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VIDEO: How To Use Humor in a Job Interview...

OK - I don't know most of you personally, so I can't tell you how to use humor in a job interview.  What I can tell you is that humor in a job interview is dangerous - it's kind of like lighting a BBQ grill with traditional coals and lighter fluid.  You have the lighter fluid and a matches.  There's a safe way to do it, then there's the Fire Marshall Bill way..

If you use the whole can of lighter fluid and stick your face over the coals, you're probably going to get hurt.  

If you go too deep with humor in an interview, you're going to hurt your chances of getting the job.  Here's what to do and not to do when using humor:

1.  Make fun of something that's universally funny and everyone understands.  "See the deal with Lindsey Lohan over the weekend?  She's got some issues."  Safe.

2.  Don't talk too long about it.  "See the deal with LL over the weekend?  The last time I did that many jello shots, I".... oops.  Problem.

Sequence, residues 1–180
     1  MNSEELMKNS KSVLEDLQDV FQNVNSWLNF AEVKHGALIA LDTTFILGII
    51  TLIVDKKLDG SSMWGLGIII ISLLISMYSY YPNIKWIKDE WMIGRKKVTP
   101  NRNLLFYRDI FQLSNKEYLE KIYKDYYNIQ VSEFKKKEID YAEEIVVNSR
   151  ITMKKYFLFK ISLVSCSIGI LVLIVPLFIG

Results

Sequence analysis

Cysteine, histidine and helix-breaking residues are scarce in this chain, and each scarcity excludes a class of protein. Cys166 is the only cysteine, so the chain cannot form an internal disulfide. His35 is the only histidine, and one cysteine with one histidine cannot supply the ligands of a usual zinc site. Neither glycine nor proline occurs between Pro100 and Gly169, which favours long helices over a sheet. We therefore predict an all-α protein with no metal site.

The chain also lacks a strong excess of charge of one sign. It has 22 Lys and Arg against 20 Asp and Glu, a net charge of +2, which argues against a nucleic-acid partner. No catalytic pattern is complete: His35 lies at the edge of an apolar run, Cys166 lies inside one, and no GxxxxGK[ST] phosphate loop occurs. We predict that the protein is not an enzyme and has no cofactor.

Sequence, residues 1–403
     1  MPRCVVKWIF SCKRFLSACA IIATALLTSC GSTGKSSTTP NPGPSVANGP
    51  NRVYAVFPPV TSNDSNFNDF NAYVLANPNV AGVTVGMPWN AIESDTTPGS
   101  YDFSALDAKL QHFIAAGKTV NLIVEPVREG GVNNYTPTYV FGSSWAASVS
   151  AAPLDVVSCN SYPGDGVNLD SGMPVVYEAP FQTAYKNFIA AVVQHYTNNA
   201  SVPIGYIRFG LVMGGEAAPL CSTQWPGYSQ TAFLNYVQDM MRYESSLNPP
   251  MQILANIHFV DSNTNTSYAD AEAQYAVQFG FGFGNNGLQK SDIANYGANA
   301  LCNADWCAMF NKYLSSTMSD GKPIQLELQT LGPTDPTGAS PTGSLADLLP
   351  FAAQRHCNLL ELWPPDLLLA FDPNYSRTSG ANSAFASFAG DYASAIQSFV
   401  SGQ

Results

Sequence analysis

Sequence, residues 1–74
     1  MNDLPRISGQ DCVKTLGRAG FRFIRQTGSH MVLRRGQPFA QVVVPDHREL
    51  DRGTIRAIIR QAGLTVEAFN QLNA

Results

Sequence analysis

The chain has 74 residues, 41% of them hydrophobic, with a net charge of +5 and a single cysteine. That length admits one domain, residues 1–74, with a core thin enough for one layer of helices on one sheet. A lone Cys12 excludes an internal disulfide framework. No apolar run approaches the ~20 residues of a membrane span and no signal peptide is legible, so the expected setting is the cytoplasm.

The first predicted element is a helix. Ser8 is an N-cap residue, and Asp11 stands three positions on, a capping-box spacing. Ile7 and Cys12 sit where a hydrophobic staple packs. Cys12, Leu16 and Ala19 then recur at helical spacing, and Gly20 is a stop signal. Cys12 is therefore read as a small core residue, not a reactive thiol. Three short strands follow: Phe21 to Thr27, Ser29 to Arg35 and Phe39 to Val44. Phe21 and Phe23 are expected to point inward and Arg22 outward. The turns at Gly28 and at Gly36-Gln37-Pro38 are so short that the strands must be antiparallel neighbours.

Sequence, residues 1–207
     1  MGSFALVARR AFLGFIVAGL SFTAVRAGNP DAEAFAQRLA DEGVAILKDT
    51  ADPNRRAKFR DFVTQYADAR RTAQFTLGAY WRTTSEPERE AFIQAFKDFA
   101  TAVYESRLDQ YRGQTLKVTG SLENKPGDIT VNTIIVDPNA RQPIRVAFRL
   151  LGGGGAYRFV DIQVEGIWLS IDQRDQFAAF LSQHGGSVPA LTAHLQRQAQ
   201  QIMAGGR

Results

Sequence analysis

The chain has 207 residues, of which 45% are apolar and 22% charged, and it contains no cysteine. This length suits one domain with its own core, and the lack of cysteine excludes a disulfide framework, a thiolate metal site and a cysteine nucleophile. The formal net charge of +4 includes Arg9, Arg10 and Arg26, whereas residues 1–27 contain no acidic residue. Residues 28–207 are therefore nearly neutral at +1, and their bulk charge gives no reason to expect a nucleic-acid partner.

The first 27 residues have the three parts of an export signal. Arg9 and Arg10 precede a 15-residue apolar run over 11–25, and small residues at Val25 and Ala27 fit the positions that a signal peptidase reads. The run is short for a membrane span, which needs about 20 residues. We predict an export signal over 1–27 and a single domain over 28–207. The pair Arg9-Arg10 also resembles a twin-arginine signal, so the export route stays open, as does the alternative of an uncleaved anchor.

3.  Don't make a personal connection with humor and the interviewer's life.  Even if you think you can, you never know when someone's going to take offense.  "See the deal with Lindsey Lohan over the weekend?  You probably recognize that from a couple of your college girlfriends.  It's good that you guys didn't have kids, right?"  Whoops.  Too far.

When using humor, get in and get out.  Show you're topical, don't go near the zip code that is the interviewer's life and don't take risks.

See the example below from the HBO show Girls.  The interview was going great before this clip, then the candidate reaches with a joke about the crime rate going down after the interviewer left his college town.

Funny to some.  Maybe your friends.  Too risky for the interview.  Your job is to survive and advance to the next round. 

Play on, player.  Enjoy the clip, it's a gem (email subscribers may need to click through for the video)


Robert Hatta

You should also avoid F-bombs and telling the interviewer to shut her mouth...



While this video is an extreme example, I agree that humor is entirely too subjective, and even topical humor can be hard when you don't know the background of your interviewer. I find it easier to make a joke about work-related stuff, because there is some common ground there, and my industry has some fairly easy targets. I have always enjoyed trying to find a way to make people laugh, but the older I get, the more I realize I'm at work, not a comedy club.

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